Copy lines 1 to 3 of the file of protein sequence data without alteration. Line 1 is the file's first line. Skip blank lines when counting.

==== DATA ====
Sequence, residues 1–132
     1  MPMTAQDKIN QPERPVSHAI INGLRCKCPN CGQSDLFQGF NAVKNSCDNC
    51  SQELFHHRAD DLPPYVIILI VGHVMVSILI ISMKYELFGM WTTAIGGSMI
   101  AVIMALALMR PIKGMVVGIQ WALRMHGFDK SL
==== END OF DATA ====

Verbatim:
Sequence, residues 1–132
     1  MPMTAQDKIN QPERPVSHAI INGLRCKCPN CGQSDLFQGF NAVKNSCDNC
    51  SQELFHHRAD DLPPYVIILI VGHVMVSILI ISMKYELFGM WTTAIGGSMI